Contact MeEmail: firstname.lastname@example.org
Phone: 562 628-9688
You know how witches and other pagans are always saying, "Blessed be"? I'm sure someone more scholarly than I am can trace the stream of "Blessed be he" from the Roman poet Vergil, who wrote about the blessings of living in the country, to the Beatitudes (Matthew 5), to 18th-century English poets who, following Vergil, were forever writing about how blessed they were to have their country estates to visit, to modern Wicca. You meet a pagan or a witch and you say, "Blessed be." It's our all-purpose greeting.
Greetings are nice, but I like the Blessed Bees, those little pagan power animals that bring us blessings of all kinds. The Bees were Found some years ago by my friend Elizabeth Cunningham, though I don't remember the occasion. I think I was writing Finding New Goddesses at the time, so I adopted the Bees for the book. She and I still send emails to each other that end "Bzzzzzz."
In addition to the 330 little witches that cover nearly horizontal surface in my home, I also have Bees. Lots of Blessed Bees. I have Bee dolls, Bee toys, Bees in disguise (a teddy bear dressed up in Bee clothing), a wind-up Bee, Bees hanging here and there, Bee candles and candleholders. And glittery Bee stickers that I stick on all my electronics (including this brand new monitor I'm looking at as a type) along with other stickers that say "Thank you." (Gratitude is always good.)
I'll also recite the Invocation to the Bees to perfect strangers at the drop of a hat. When I was in a gift shop last week and picked up another Bee figure for my windowsill, a man commented that he was trying to learn more about bees. Regular ones. I recited the invocation to him, which made him look at me funny, and then we got into a conversation about the hive in his back yard, which he wants to move into something sturdier than a plastic bucket. I brought the owner of the shop into our conversation, and he told the man about services the city offers. We also recommended that the man find a beekeeper. I have no doubt at all that the Bees will help this kind man find a proper home for his bees.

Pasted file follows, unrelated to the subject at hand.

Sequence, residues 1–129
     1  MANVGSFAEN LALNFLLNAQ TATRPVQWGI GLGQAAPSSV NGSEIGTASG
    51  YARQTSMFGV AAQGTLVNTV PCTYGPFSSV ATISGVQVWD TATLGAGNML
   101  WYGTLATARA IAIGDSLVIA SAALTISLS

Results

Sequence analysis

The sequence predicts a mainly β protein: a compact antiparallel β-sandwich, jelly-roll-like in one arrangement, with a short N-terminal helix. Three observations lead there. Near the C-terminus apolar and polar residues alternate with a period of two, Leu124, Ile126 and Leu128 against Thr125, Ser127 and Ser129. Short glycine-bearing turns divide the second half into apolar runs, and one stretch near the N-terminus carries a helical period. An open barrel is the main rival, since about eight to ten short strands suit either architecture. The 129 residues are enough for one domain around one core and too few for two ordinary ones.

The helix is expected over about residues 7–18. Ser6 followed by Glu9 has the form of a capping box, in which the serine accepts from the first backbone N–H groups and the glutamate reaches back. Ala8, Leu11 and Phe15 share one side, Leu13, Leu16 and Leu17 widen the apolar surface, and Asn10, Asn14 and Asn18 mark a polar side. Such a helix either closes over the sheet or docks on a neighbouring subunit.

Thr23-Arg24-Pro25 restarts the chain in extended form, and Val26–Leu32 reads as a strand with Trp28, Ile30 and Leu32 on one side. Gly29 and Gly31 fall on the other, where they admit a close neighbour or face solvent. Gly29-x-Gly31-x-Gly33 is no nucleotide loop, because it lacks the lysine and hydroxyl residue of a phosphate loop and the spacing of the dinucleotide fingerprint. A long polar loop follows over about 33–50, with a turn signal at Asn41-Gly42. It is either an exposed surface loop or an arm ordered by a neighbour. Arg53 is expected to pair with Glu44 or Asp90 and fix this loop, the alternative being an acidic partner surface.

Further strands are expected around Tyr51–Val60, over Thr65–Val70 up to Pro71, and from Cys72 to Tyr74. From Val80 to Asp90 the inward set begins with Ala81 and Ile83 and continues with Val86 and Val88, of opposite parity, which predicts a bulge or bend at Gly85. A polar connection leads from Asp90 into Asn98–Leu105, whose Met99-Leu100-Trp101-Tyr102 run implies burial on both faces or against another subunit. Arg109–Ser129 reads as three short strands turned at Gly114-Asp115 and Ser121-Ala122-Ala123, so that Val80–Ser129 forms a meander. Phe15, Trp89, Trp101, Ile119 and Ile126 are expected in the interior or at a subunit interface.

Here, adapted from Finding New Goddesses, are the Blessed Bees. (Did I mention that I love puns? You have to be pretty smart to get a pun. I write books for smart people.)
The Blessed Bees are modern Good Neighbors. Like the traditional Other Ones—Fairies, Brownies, Elves, and the like—called Good Neighbors by those who (correctly) fear to offend them, the Bees are magical beings. They respond with honey-sweet blessings large and small when we cry out for assistance. Invoke them with these words and in your most mellifluous tones:
Twinkle, twinkle, Blessed Bees,
As I ask you grant it, please.
Wisdom, health, abundancies—
As I will’t, so mote it, Bees.
Slightly larger than the honeybees we’re accustomed to, the Blessed Bees are shining golden insects with crystalline wings. They live in the Golden Hive at the summit of a glass mountain, and Melissa, Their Devoted Beekeeper Priestess (who wears sturdy, non-skid shoes), lives nearby to serve Them. When They fly among us, the Bees carry tiny baskets, and among Their gifts to us are magical venom, pollen, propolis, beeswax, and royal jelly. Blessed Venom is used in “sting therapy” to get our attention in times of crisis, and Blessed Pollen provokes our souls to flower. Both the Blessed Bees and their relations in the mundane world have been traditionally seen as the bearers of peace, harmony, propriety, renewal, fertility, industry, and eloquence, all of which virtues They have since ancient times modeled for humankind.